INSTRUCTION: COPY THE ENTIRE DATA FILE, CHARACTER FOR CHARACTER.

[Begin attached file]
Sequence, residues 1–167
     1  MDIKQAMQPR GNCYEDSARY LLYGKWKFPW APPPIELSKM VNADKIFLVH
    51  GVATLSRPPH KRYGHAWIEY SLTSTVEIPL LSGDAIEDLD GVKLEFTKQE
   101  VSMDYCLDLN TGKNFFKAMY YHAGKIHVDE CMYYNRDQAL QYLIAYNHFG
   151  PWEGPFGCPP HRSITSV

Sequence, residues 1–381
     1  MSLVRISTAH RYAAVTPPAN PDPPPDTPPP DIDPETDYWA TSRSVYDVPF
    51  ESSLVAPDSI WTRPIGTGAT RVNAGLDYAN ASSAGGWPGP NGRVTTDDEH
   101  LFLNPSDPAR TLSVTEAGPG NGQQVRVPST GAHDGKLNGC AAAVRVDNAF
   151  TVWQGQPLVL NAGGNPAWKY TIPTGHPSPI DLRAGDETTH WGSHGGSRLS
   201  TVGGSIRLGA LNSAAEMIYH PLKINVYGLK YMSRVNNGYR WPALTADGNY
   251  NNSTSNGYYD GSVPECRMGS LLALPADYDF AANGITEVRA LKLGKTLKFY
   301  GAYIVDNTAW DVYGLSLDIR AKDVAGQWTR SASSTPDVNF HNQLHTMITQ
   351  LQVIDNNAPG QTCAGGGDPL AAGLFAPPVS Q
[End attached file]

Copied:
Sequence, residues 1–167
     1  MDIKQAMQPR GNCYEDSARY LLYGKWKFPW APPPIELSKM VNADKIFLVH
    51  GVATLSRPPH KRYGHAWIEY SLTSTVEIPL LSGDAIEDLD GVKLEFTKQE
   101  VSMDYCLDLN TGKNFFKAMY YHAGKIHVDE CMYYNRDQAL QYLIAYNHFG
   151  PWEGPFGCPP HRSITSV

Sequence, residues 1–381
     1  MSLVRISTAH RYAAVTPPAN PDPPPDTPPP DIDPETDYWA TSRSVYDVPF
    51  ESSLVAPDSI WTRPIGTGAT RVNAGLDYAN ASSAGGWPGP NGRVTTDDEH
   101  LFLNPSDPAR TLSVTEAGPG NGQQVRVPST GAHDGKLNGC AAAVRVDNAF
   151  TVWQGQPLVL NAGGNPAWKY TIPTGHPSPI DLRAGDETTH WGSHGGSRLS
   201  TVGGSIRLGA LNSAAEMIYH PLKINVYGLK YMSRVNNGYR WPALTADGNY
   251  NNSTSNGYYD GSVPECRMGS LLALPADYDF AANGITEVRA LKLGKTLKFY
   301  GAYIVDNTAW DVYGLSLDIR AKDVAGQWTR SASSTPDVNF HNQLHTMITQ
   351  LQVIDNNAPG QTCAGGGDPL AAGLFAPPVS Q